Easy Cleaning

Remember that there are, in fact, health codes that you need to follow for the sake of your in-home bakery, and you should keep those in mind from start to finish. To keep in top shape for this concept, make sure all of your surfaces are easy to clean—like a tile floor and marble counters—and be sure to provide a storage area for your cleaning supplies that’s separate enough from your food elements to prevent them from contaminating your food. It’s advisable to have a cleaning supplies closet off from your baking area, like you might expect for a laundry room or pantry that’s off from your kitchen. Once more, you can fashion this from a basic house design by just turning what would’ve been that laundry room or pantry to a storage closet.

You’re serving people food to enjoy, so be sure you’re allowing yourself every opportunity to prepare it in a clean and safe environment!


Whether you’re building a face-to-face or purely online business, you should consider the decorative elements of your bakery. If you’re providing an open-door bakery, these little touches can create a welcoming and enjoyable atmosphere for your customers. If your business is online, those aspects can provide inspiration and encouragement to you as you work and work and work to bake the perfect goods for your business. This might seem trivial, but giving yourself a work environment that looks like a bakery can keep your mind on your goal and remind you that you’re following your dream.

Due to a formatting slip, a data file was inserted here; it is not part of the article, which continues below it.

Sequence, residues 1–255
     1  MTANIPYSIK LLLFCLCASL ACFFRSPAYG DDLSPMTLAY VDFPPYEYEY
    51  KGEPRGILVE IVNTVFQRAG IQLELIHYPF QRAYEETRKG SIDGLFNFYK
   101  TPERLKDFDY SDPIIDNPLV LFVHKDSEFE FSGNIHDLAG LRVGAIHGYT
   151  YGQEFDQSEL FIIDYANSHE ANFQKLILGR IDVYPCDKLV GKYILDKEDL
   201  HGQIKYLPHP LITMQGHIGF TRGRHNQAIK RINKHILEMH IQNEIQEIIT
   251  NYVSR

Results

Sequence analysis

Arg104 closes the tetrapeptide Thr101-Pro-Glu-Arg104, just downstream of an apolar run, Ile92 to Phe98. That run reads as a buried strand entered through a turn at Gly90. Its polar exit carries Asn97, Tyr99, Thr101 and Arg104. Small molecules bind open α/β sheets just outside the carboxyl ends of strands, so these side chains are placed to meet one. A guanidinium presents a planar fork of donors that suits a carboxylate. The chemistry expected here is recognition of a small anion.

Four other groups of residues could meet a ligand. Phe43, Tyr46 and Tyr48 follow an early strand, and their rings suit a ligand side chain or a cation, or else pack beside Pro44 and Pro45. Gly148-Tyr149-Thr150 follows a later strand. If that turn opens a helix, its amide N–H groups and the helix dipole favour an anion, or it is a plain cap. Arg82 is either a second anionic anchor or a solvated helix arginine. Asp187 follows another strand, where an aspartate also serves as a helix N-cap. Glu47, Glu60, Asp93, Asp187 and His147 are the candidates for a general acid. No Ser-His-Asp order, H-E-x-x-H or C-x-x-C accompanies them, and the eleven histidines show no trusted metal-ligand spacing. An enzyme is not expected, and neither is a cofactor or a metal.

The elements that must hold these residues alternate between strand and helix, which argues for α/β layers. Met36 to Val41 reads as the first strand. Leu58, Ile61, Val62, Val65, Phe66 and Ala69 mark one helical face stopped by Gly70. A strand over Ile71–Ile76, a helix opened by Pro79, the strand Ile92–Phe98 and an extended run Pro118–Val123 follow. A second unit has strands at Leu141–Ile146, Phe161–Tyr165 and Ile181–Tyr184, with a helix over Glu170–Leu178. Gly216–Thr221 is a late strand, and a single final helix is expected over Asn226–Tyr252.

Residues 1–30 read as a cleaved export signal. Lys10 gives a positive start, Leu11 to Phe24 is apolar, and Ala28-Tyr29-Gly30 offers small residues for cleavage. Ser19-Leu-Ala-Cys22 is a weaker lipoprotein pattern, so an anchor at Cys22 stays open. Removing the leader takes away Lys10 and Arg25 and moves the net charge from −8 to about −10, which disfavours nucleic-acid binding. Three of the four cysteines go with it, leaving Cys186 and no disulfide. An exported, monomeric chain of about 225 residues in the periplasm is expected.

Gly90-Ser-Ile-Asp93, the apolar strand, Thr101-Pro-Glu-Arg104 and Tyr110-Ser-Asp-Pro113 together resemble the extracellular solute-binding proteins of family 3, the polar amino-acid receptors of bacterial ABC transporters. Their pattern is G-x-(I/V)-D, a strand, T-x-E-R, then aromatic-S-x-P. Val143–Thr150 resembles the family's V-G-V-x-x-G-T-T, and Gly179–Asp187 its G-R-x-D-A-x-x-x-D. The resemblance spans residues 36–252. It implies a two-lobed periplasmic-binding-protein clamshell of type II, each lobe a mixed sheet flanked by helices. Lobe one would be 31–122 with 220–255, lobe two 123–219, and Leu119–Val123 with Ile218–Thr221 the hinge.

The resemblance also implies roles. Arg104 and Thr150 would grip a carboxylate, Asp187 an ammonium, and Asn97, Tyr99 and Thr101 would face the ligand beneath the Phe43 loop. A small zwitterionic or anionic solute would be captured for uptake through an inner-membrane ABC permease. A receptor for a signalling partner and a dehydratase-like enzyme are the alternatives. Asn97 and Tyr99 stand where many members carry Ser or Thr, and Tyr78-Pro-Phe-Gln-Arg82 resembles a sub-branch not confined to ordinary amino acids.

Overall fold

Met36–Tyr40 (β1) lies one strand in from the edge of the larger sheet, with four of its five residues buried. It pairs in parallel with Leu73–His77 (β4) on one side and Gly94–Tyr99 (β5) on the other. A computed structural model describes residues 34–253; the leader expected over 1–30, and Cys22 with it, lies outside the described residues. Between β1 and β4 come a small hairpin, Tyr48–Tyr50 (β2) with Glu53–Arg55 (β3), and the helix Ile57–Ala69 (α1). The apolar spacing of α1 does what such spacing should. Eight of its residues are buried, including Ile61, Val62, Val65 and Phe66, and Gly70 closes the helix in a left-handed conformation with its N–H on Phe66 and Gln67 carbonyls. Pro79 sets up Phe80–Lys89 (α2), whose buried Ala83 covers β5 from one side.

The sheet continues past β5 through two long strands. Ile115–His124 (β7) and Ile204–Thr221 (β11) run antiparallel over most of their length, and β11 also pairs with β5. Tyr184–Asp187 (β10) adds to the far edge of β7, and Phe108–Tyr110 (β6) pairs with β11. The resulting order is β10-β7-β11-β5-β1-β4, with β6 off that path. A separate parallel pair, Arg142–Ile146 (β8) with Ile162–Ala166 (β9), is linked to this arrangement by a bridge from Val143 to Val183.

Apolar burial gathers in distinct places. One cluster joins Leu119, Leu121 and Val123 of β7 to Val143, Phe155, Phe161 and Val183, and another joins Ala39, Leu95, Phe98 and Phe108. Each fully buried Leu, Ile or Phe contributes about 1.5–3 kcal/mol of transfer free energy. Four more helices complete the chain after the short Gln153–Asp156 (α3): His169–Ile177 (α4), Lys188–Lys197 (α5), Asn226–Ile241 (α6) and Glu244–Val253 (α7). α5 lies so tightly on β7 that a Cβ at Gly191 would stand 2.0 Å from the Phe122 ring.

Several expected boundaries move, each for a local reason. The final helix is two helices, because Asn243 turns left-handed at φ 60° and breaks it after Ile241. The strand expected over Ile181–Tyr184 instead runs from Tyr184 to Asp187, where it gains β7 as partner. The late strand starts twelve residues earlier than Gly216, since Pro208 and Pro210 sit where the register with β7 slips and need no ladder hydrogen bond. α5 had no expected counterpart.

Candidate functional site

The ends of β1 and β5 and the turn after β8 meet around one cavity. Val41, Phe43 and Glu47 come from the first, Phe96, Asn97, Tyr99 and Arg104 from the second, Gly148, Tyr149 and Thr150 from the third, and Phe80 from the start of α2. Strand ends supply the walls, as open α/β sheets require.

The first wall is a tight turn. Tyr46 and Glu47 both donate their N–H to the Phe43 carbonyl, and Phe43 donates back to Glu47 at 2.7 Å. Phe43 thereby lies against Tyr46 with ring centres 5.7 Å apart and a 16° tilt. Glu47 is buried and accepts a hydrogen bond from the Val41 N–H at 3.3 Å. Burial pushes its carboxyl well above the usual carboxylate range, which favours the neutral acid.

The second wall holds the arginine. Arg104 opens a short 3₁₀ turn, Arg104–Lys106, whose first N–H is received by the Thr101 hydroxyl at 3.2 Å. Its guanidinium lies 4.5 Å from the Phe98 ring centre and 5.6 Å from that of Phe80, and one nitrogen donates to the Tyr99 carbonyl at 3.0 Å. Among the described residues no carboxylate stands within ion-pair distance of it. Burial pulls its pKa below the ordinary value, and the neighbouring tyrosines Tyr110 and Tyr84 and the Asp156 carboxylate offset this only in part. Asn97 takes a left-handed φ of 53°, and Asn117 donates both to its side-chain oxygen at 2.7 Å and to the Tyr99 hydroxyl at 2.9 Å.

For these details, your color decisions and accent options are important, and they’re linked to what kind of bakery you’re planning to run. If you’re selling cookies and brownies that are for a younger customer base, choose bright, vivid colors and accents that inspire childhood feelings—maybe stuffed animals in corners and different colored chairs that are surrounded by posters of children’s movies. Should you decide to start a bread shop, something more grounded and neutral would work best, like basic wooden table and chairs sets with rustic accents. Cake decorating could be represented in a romantic, wedding-like feel of hearts and flowers.

In the end, just let your décor reflect the food and feel that you’re striving to deliver.


From start to finish, have your goal, theme, and state regulations in mind when designing your in-home bakery, and don’t veer from any of those details. Keeping to them through every step of the process can result in the in-home bakery of your dreams—one where you could sell your favorite food from the comfort of your own home in an atmosphere that makes you happy as you strive for your dreams.